The Cupboard Is Nearly Bare

By Kafia A. Hosh
Washington Post Staff Writer
Thursday, October 23, 2008

As the holiday season approaches, Loudoun County charities are feeling the impact of the economic downturn, as demand for their services outstrips donations.

Officials at the Loudoun Holiday Coalition, a county-run group that provides food, toys, clothing and other items to the needy in November and December, are worried that the program will run out of supplies for the first time in its 12-year history.

The coalition has received $9,481 in cash donations this year, compared with $29,486 at this point last year. Meanwhile, the number of Loudoun households that received items rose 13 percent to 1,600 in 2007, and coordinator Kara Early said she expects a 20 percent increase in demand this year, based on the state of the economy.

The program serves low-income families, disabled adults and the elderly, with eligible residents visiting a central location to shop for items. If supplies run low, a child might get one item of clothing instead of a complete outfit, Earl said. "What we give out is dependent on what we get in," she said.

At the Blue Ridge Area Food Bank Network, which serves a swath of northwestern and central Virginia that includes Loudoun, dwindling donations are not the problem. Contributions from the public and food companies have increased over the past several months.

But the increase isn't enough to offset the rise in demand, said network spokeswoman Ruth Jones. The branch office that serves Loudoun, six other counties and Winchester distributed food to 17,785 people in September, compared with 9,585 in September 2007. Jones anticipates a bigger-than-normal spike in demand this holiday season.

"The demand is so high, it's sort of canceled out the increase of food and actually left us short," Jones said. "We're seeing unprecedented numbers of people coming to us for help right now as it is. We're waiting to see what happens for the holidays. We just need to be prepared for what's coming.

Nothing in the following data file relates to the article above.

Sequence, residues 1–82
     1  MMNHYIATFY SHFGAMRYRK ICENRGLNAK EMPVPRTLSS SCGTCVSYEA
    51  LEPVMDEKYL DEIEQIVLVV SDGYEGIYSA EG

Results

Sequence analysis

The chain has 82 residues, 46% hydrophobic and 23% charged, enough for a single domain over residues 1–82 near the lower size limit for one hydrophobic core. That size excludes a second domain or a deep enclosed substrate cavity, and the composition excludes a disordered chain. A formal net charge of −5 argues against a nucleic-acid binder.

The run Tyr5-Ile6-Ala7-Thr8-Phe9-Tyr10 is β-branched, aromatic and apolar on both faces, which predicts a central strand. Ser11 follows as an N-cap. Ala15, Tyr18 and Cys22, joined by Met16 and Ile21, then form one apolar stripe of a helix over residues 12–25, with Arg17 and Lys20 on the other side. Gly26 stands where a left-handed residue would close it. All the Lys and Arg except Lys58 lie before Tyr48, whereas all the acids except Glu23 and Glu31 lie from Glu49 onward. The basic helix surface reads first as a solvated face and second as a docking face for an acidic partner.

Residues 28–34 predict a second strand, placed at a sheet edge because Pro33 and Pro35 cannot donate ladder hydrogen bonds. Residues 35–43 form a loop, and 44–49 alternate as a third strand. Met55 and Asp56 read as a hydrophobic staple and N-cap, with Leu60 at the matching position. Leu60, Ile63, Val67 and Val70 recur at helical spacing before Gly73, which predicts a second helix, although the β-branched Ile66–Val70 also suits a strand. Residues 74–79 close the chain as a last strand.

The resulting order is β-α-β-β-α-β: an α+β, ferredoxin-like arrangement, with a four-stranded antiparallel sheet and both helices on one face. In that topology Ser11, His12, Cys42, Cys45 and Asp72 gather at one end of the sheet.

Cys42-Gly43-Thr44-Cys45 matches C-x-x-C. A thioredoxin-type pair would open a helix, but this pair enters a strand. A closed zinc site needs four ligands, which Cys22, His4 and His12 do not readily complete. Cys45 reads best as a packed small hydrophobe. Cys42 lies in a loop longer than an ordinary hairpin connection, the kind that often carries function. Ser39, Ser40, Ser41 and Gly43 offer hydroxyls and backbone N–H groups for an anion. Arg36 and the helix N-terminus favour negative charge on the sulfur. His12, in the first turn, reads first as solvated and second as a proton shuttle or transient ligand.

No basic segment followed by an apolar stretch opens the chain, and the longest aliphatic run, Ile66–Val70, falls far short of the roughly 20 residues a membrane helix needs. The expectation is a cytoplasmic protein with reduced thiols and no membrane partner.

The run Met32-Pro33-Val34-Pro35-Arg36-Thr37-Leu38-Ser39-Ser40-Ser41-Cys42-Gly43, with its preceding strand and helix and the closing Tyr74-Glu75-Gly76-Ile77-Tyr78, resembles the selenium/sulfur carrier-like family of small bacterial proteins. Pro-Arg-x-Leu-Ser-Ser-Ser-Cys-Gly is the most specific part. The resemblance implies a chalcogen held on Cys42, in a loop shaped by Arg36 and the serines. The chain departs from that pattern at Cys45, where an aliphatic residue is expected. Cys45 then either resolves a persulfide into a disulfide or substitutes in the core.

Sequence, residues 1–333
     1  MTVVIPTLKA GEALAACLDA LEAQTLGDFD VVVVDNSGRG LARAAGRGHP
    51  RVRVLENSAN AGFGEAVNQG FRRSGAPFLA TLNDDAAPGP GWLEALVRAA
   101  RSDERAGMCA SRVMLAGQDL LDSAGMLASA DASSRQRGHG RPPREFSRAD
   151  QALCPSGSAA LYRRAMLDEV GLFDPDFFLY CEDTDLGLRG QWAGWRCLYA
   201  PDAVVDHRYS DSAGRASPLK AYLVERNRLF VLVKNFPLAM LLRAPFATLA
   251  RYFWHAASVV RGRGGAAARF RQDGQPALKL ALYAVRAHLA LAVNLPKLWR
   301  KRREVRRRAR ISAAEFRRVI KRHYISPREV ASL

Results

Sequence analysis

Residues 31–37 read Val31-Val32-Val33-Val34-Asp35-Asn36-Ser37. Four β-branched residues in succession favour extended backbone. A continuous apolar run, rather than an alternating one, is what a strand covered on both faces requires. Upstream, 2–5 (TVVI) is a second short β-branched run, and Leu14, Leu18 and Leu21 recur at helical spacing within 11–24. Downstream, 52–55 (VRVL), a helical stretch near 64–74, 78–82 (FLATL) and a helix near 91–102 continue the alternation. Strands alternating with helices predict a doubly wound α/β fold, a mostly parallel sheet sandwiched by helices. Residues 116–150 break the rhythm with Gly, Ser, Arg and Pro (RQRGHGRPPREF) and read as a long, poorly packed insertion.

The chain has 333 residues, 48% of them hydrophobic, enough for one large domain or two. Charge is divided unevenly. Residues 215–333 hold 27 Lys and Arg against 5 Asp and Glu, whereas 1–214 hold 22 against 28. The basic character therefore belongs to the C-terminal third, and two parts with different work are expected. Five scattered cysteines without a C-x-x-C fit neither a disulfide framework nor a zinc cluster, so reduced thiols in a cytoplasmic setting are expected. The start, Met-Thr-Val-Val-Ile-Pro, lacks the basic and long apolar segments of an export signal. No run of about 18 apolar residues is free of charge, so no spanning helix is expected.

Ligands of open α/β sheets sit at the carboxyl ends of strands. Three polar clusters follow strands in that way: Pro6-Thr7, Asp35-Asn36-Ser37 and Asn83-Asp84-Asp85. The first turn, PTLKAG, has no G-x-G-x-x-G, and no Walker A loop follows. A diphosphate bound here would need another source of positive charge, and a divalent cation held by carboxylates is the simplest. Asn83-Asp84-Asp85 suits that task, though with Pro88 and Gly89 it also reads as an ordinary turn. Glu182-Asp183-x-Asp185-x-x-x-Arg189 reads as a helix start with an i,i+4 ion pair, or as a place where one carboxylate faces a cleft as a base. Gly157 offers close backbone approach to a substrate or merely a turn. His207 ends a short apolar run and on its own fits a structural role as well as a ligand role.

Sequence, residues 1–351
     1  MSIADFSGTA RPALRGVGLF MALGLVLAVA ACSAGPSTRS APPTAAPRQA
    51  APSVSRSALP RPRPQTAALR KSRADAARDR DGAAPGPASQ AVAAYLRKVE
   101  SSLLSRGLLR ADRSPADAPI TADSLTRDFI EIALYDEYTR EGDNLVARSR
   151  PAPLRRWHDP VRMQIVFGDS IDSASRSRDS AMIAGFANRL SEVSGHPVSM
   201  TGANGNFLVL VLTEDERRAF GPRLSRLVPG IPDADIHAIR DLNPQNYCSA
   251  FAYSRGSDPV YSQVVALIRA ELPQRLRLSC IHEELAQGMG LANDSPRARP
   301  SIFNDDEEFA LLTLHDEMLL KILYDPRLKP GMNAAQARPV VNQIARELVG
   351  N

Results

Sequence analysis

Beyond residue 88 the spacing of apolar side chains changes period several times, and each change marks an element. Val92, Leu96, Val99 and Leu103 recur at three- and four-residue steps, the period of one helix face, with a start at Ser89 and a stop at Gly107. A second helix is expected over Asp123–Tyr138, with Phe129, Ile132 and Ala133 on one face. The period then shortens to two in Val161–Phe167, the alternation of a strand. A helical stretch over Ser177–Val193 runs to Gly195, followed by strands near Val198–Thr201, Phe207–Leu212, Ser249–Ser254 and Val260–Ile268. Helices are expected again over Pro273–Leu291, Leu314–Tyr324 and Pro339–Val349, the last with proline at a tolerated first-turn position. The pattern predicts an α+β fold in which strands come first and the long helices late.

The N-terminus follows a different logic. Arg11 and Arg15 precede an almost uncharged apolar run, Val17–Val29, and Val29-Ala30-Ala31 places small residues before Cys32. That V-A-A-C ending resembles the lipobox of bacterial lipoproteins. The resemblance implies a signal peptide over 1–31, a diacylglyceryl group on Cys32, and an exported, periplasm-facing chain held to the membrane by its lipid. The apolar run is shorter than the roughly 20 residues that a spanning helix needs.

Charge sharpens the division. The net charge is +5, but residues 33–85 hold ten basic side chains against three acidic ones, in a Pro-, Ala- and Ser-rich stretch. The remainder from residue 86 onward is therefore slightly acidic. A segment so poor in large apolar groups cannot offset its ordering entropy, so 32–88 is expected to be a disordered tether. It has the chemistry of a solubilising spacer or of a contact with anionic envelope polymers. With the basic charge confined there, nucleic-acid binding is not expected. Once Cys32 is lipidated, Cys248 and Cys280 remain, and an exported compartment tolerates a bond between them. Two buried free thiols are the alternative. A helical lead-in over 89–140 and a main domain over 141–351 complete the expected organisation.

"I'm sure people are feeling the effects of the economy and are holding on a lot tighter," Jones said of potential donors. "We need people to dig as much as possible this year to help out."

At Loudoun Interfaith Relief's food pantry in Leesburg, the stockroom is lined with empty crates that normally are full of food. The nonprofit group is relying on several upcoming food drives to stock its pantry for the holidays. Rising food and fuel costs have caused an increase in demand this year, said Bonnie Inman, the group's executive director. Since July, the organization has helped an average of 1,100 households a month.

Inman said the group usually receives enough food donations during the holidays but will monitor its inventory closely this year. "Has anybody been turned away? No. Are we scared that we might? Yes," she said.

On a recent afternoon, members of 67 households visited Loudoun Interfaith Relief's office on Miller Drive in Leesburg, where each received three days' worth of food. Clients are allowed to make two such visits per month.

While families crammed the lobby, Interfaith Relief volunteers feverishly packed grocery bags in a back room.

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